• Easy to use and has a step by step technology which guides students through using Wiki.
  • Students are able to develop communication skillsdevelop communication skills within class using the computer
  • Wiki products are immediate so there is no need to wait for a publisher to create a new edition or update information.
  • Anyone can edit and it is easy to use and follow. This gives students the potential for being authors, not just researchers.
  • It provides opportunities for "active-learning" activities in the classroom.
  • People located in different parts of the world can work on the same document and add their own parts. This builds a community of learners.
  • Teachers can view ‘recent changes’ on the student’s Wikispaces which assists the assessment processes.
  • Widens access to the power of web publishing to non-technical users
  • Wiki has no prearranged structure - it is a flexible tool which can be used for a wide variety of applications.
  • There is a wide choice of open source software Wiki's to choose from so licensing costs make it more affordable (to installing an institutional Wiki).
  • As Paul Fuller was heard to say in his keynote address at the St Helena's Catholic Primary School ICT day (2007), we live in an age of "DIGITAL NATIVES" (our young generation who have grown up with ICT surrounding them) and "DIGITAL IMMIGRANTS" (the older generation who are these children's teachers! To teach the digital natives we need to talk in a language they understand, and ICT is not the way of the future, it is here, now. Using wiki products, weblogs, and other Information Communication Technology engages students more because it is in "their language", that of the digital natives.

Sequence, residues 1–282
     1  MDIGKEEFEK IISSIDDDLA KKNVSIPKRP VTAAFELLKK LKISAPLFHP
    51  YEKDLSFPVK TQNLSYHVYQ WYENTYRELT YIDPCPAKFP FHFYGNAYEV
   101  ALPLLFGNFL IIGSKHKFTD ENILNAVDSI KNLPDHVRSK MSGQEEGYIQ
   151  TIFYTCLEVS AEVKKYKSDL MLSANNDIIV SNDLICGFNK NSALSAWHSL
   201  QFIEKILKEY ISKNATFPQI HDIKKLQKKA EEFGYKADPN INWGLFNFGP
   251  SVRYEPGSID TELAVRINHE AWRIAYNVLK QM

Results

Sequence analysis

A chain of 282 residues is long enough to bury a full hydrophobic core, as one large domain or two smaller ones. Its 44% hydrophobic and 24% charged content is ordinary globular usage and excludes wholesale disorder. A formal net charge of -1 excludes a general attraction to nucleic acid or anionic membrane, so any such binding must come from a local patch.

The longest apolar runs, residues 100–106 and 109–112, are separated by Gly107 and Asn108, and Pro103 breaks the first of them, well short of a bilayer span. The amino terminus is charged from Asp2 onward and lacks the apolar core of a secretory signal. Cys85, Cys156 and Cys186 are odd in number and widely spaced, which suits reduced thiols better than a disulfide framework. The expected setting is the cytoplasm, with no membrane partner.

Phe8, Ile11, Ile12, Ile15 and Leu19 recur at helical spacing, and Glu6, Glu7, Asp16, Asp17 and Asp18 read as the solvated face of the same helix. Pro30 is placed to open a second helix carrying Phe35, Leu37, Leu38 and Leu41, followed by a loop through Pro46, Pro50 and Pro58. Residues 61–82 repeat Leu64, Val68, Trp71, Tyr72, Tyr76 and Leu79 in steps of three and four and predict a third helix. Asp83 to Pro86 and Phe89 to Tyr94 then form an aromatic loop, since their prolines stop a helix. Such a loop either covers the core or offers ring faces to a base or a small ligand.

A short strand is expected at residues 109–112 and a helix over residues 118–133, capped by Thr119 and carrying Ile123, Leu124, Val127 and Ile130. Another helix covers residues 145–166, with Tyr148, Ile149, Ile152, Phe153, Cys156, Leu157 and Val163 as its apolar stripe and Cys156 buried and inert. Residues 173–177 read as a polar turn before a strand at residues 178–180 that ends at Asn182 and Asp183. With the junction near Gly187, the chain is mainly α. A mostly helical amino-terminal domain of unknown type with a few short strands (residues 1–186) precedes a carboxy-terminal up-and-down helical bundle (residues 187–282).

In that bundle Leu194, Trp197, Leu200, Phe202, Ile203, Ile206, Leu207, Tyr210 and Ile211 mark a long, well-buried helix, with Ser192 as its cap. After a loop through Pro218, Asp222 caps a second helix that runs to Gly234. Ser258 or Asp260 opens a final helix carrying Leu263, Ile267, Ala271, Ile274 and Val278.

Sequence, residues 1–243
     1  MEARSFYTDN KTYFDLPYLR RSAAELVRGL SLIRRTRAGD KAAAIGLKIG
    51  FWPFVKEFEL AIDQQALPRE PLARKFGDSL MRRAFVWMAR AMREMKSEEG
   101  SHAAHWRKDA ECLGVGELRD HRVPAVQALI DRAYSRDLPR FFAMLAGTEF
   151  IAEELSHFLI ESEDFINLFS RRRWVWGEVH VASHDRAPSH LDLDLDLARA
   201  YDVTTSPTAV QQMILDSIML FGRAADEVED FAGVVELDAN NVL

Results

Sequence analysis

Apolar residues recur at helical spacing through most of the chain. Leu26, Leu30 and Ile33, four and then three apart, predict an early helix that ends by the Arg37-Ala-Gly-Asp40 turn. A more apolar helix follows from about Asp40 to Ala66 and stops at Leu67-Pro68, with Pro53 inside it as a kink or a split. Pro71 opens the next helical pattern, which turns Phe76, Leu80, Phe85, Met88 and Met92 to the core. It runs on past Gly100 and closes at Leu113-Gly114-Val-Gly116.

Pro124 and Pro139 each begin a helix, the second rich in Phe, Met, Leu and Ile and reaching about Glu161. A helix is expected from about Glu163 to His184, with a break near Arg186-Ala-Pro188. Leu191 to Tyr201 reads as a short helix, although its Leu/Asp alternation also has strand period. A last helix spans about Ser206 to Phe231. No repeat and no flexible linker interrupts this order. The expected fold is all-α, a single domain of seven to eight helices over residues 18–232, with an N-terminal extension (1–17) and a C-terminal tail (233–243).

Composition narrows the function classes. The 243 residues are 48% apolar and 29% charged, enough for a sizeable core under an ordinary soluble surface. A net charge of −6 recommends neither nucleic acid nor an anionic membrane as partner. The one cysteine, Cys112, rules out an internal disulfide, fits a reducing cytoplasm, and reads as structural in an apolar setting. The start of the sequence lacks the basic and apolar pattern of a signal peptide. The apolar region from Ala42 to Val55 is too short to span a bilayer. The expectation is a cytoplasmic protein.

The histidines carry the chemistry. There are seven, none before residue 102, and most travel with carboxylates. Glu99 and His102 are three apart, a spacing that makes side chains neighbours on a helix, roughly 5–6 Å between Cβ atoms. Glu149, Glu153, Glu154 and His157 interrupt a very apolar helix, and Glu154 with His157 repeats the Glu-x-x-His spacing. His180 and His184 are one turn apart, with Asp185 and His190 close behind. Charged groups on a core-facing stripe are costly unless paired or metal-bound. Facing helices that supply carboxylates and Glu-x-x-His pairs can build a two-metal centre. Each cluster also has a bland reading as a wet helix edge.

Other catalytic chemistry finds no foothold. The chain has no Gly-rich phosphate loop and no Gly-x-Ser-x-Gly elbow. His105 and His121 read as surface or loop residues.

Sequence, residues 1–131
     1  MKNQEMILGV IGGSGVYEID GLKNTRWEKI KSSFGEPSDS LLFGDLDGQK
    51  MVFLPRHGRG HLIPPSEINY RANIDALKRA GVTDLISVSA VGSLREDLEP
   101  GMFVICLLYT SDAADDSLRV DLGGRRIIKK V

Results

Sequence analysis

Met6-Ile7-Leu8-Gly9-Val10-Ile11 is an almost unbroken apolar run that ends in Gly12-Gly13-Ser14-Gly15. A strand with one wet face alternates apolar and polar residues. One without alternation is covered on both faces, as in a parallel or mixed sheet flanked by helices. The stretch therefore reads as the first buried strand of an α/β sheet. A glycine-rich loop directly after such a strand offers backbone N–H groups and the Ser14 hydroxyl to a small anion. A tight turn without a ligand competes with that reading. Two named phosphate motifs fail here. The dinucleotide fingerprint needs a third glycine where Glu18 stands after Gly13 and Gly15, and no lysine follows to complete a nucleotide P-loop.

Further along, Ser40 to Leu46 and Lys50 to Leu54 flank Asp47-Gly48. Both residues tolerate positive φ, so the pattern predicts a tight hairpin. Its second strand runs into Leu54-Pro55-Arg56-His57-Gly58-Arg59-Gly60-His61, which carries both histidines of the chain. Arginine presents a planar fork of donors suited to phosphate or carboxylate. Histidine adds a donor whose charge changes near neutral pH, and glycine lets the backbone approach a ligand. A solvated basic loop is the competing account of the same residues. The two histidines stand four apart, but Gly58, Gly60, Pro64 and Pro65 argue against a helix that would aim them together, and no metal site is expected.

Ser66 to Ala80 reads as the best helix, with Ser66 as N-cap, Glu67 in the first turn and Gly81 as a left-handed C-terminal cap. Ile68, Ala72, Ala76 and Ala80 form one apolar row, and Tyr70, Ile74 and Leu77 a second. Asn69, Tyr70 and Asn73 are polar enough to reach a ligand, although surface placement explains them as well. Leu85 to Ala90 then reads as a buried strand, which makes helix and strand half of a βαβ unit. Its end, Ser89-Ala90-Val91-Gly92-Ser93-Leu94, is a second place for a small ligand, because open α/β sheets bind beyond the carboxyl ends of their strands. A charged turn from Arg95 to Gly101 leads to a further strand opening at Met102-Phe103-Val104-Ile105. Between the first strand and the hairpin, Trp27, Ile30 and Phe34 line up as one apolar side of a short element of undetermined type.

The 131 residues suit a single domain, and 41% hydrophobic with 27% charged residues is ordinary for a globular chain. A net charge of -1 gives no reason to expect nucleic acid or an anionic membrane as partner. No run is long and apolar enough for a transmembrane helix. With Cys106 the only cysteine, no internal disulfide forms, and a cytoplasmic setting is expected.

a 6yr old Australian boy engaging with wiki


Advantages in one context, may be disadvantages in another.
  • Anyone can edit so this may be too open for some applications, for example confidential documentation. However it is possible to regulate user access.
  • Students become easily distracted and use the computers for purposes other than course-related activities.
  • Open to SPAM and Vandalism if not managed properly. There are easy ways to restore a page however, and on WikiEducator you must be logged in to edit pages so this reduces vandalism by automated spam bots.
  • Requires Internet connectivity to collaborate, but technologies to produce print versions of articles are improving.
  • The flexibility of a wiki's structure can mean that information can become disorganised. As a wiki grows, the community plans and administers the structure collaboratively.
  • Are you building a freely editable and public wiki, or do you need to be conscious of privacy and security? There can also be issues of legal liability and risk to reputation, particularly if you publish to the web. Options such as a moderated wiki format, user agreements, and locking some pages from public view can offer protection.

Tuong, V. (2005). Advantages and disadvantages. Retrieved 8/9/07 from 2/Bai7.pdf
Fuller, P. (2007). Innovative ICT in the Classroom. Keynote address at ICT day at St Helena's Catholic Primary School, Ellenbrook, Western Australia. Retrieved 3/9/07 from